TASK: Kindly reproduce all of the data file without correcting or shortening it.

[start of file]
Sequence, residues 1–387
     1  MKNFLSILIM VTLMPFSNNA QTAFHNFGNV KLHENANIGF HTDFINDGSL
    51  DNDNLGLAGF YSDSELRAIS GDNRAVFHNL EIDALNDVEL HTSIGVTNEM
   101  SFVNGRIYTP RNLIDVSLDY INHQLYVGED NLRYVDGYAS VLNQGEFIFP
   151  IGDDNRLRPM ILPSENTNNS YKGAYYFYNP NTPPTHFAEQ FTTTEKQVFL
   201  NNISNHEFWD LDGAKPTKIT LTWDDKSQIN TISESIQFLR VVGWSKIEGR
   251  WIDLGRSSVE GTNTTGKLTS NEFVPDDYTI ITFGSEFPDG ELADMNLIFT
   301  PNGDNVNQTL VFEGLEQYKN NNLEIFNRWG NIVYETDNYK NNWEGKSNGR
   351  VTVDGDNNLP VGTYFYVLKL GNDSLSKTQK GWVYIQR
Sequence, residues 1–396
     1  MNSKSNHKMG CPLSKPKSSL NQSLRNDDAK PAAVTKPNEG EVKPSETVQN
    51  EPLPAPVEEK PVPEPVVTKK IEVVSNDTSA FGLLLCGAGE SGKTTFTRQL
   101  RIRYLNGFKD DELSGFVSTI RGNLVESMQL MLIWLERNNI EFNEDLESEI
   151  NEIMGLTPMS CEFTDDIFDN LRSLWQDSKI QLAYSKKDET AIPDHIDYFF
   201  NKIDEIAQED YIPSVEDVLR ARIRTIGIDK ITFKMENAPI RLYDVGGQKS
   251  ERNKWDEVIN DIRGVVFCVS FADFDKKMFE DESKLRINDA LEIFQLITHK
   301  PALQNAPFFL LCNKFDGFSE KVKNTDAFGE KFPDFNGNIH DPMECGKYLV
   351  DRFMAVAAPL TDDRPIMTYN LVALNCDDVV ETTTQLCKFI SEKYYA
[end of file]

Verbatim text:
Sequence, residues 1–387
     1  MKNFLSILIM VTLMPFSNNA QTAFHNFGNV KLHENANIGF HTDFINDGSL
    51  DNDNLGLAGF YSDSELRAIS GDNRAVFHNL EIDALNDVEL HTSIGVTNEM
   101  SFVNGRIYTP RNLIDVSLDY INHQLYVGED NLRYVDGYAS VLNQGEFIFP
   151  IGDDNRLRPM ILPSENTNNS YKGAYYFYNP NTPPTHFAEQ FTTTEKQVFL
   201  NNISNHEFWD LDGAKPTKIT LTWDDKSQIN TISESIQFLR VVGWSKIEGR
   251  WIDLGRSSVE GTNTTGKLTS NEFVPDDYTI ITFGSEFPDG ELADMNLIFT
   301  PNGDNVNQTL VFEGLEQYKN NNLEIFNRWG NIVYETDNYK NNWEGKSNGR
   351  VTVDGDNNLP VGTYFYVLKL GNDSLSKTQK GWVYIQR
Sequence, residues 1–396
     1  MNSKSNHKMG CPLSKPKSSL NQSLRNDDAK PAAVTKPNEG EVKPSETVQN
    51  EPLPAPVEEK PVPEPVVTKK IEVVSNDTSA FGLLLCGAGE SGKTTFTRQL
   101  RIRYLNGFKD DELSGFVSTI RGNLVESMQL MLIWLERNNI EFNEDLESEI
   151  NEIMGLTPMS CEFTDDIFDN LRSLWQDSKI QLAYSKKDET AIPDHIDYFF
   201  NKIDEIAQED YIPSVEDVLR ARIRTIGIDK ITFKMENAPI RLYDVGGQKS
   251  ERNKWDEVIN DIRGVVFCVS FADFDKKMFE DESKLRINDA LEIFQLITHK
   301  PALQNAPFFL LCNKFDGFSE KVKNTDAFGE KFPDFNGNIH DPMECGKYLV
   351  DRFMAVAAPL TDDRPIMTYN LVALNCDDVV ETTTQLCKFI SEKYYA